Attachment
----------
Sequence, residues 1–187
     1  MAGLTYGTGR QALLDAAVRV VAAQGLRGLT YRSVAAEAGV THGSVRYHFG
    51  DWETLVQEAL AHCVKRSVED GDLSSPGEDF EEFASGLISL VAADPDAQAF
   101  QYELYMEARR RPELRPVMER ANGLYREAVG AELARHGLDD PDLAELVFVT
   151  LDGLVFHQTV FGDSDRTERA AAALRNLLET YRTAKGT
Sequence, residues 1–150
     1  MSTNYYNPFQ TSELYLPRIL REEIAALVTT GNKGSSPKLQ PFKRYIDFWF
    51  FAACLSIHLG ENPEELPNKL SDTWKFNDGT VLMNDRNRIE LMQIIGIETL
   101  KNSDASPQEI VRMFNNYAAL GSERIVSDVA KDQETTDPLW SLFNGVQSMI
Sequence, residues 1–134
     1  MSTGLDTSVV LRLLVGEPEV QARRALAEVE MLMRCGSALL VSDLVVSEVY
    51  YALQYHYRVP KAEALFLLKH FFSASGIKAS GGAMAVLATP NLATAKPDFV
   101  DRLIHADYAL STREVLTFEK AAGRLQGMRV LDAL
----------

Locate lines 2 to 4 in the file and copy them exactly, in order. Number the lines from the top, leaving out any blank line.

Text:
     1  MAGLTYGTGR QALLDAAVRV VAAQGLRGLT YRSVAAEAGV THGSVRYHFG
    51  DWETLVQEAL AHCVKRSVED GDLSSPGEDF EEFASGLISL VAADPDAQAF
   101  QYELYMEARR RPELRPVMER ANGLYREAVG AELARHGLDD PDLAELVFVT